Kristen Walker Hatten

5 myths about pro-lifers, and how to refute them

Kristen Walker Hatten
By Kristen Walker Hatten
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December 13, 2011 (LiveAction.org) - There are a lot of negative stereotypes about the pro-life movement. I could easily write a list of 20 or more. These five, though, are the ones I personally encounter most often, and in the most capital letters. You’ll probably find them familiar. If you don’t know how to argue against these, you should.

5. We’re all brainwashed.

Since they can’t seem to wrap their brains around how a person might make an intelligent, informed decision to oppose abortion, anti-lifers sometimes like to assume we have all been duped. I have been accused, via Facebook, Twitter, email, and comment, of having been brainwashed by the following people or organizations: the Republican Party, Christians, the Vatican, white men, television, the conservative media, Sarah Palin, and the devil. I am not making any of those up.

While I suppose there are those who were raised inside Vatican walls and never heard a dissenting opinion, the truth is that even kids brought up in homes with pro-life parents were probably exposed to pro-abortion ideology somewhere along the way. It may have even happened without their knowledge.

Let me give you an example: I loved the movie Dirty Dancing as a kid. I wasn’t allowed to watch it, but I managed to watch it almost constantly, starting at around age ten. A major plot line in that movie is a main character having an abortion. Everyone is super casual about it, although they never use the word “abortion.” The girl ends up getting hurt by the procedure, but the impression is that this is because the woman had to go to an unsafe doctor with “a dirty knife and a folding table.” Then a real doctor is called and the girl is okay and everyone dances some more. The impression I got as a kid was that abortion was a tragic and sexy thing that pretty girls sometimes had to get because they were so desirable and awesome.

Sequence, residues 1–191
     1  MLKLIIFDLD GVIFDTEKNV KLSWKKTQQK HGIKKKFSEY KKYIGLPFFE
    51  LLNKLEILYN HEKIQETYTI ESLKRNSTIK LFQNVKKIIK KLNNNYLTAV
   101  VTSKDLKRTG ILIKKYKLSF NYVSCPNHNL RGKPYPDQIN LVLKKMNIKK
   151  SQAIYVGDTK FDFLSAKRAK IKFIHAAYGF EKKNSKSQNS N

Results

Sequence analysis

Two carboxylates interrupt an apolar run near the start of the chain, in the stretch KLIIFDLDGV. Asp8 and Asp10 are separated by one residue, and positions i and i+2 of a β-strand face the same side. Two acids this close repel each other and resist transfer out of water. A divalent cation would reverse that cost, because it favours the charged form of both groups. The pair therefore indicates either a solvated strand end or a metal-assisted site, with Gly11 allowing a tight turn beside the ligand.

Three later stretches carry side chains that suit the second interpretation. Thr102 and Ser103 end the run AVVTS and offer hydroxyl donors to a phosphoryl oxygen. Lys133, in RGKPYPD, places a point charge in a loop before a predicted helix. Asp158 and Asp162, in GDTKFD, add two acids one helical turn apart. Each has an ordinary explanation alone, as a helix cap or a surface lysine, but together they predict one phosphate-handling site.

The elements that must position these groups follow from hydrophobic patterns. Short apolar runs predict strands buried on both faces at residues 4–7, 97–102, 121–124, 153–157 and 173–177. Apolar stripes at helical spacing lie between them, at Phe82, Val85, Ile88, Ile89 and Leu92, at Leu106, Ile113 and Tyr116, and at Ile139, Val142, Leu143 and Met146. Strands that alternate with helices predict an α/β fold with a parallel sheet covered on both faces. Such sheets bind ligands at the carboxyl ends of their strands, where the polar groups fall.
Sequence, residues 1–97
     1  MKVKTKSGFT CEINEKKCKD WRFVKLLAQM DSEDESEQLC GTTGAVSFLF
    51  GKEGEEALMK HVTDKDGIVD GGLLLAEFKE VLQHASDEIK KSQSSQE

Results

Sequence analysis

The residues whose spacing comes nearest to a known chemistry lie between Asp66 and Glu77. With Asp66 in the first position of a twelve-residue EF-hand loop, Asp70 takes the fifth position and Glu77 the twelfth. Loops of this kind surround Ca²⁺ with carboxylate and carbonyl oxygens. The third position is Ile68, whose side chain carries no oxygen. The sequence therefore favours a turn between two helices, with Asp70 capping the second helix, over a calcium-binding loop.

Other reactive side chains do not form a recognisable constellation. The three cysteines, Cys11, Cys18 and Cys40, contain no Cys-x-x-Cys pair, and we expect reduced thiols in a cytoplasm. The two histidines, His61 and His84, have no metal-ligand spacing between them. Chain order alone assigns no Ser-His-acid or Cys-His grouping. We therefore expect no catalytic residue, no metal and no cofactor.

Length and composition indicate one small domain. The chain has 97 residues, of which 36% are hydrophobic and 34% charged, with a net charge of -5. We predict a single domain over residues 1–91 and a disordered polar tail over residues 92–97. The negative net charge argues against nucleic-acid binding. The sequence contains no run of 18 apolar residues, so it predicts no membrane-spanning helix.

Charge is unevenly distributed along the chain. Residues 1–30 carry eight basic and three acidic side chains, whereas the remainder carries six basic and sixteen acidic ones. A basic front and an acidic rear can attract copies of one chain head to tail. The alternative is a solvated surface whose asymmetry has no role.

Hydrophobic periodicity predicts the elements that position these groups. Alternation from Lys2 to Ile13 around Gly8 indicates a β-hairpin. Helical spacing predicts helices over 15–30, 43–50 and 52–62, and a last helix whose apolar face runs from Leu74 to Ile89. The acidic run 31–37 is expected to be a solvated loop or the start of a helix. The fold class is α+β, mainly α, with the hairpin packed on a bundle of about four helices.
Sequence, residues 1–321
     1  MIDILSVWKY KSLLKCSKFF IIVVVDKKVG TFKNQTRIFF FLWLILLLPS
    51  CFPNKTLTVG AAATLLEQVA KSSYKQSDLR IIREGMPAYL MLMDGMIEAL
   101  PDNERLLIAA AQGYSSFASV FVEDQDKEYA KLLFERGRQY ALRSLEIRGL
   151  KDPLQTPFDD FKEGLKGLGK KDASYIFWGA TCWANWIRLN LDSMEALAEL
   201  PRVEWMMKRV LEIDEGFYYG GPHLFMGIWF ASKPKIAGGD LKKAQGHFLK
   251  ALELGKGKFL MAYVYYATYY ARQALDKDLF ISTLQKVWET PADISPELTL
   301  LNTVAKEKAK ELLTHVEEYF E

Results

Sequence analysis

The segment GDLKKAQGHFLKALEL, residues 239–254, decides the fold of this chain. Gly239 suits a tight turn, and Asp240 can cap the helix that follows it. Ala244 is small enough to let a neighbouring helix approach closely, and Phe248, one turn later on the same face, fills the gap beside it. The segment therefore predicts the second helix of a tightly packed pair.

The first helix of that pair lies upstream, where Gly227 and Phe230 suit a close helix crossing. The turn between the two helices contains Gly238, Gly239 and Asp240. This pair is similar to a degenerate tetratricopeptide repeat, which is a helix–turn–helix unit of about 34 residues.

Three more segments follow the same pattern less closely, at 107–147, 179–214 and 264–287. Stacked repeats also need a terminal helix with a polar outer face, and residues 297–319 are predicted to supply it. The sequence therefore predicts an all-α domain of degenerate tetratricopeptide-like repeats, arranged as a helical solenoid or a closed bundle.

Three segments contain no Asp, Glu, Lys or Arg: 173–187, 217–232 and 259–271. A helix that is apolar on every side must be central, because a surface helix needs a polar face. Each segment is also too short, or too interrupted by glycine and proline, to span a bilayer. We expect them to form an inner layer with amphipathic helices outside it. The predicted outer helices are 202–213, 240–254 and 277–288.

I don’t remember hearing anything about abortion from my church or my mom or my friends. I only heard about it from TV and movies, and it was always portrayed in the same light: a sad but necessary thing that boyfriends should pay for while wearing sheepish expressions. I ended up pro-choice until age 27, when I made a decision, based on little or no Chinese water torture by any Popes or Palins, that abortion was wrong and must be ended.

The best way to combat this stereotype is to share your own story. Let anti-lifers know the sound, rational, scientific and ethical reasons on which you base your pro-life activism. And don’t let your kids watch Dirty Dancing.

4. We’re violent.

This is my least favorite myth because it’s the least true. The pro-life movement is by definition an outcry against a violent act.

Eight people have been killed in the United States by anti-abortion protesters. Last I heard, they had all been caught and punished. Fifty million babies have been killed — legally — by abortionists since 1973. Yet we’re the side that gets called violent. Fifty million to eight… Those are pretty dramatic numbers. I’m gonna go out on a limb here and say it’s safer to be an abortionist than an unborn baby. Somebody somewhere is probably going to quote that in outrage, never mind the fact that is statistically 100% true.

The pro-life movement as a whole continuously and widely condemns acts of violence, yet anyone who professes a pro-life viewpoint is subject to being called a “clinic bomber.” Eight people — out of hundreds of millions — do not represent the movement, especially when their actions have been decried countless times.

If someone accuses you of belonging to a violent movement, remind them that since Roe v. Wade, every year an average of 1.2 million unborn children have been killed in the U.S., versus an average of two-tenths of an abortionist. The numbers don’t lie.

3. We’re all religious, conservative, and old.

There’s nothing wrong with being religious, conservative, or old, but it’s a mischaracterization. I am a conservative Catholic in my early 30s now, but when I became pro-life, I was a liberal agnostic in my 20s. While many — probably most — pro-lifers believe in some sort of deity, or at least in the human soul, not all of them do. The arguments that made me pro-life were grounded in science, ethics, and human rights. They had nothing to do with religion.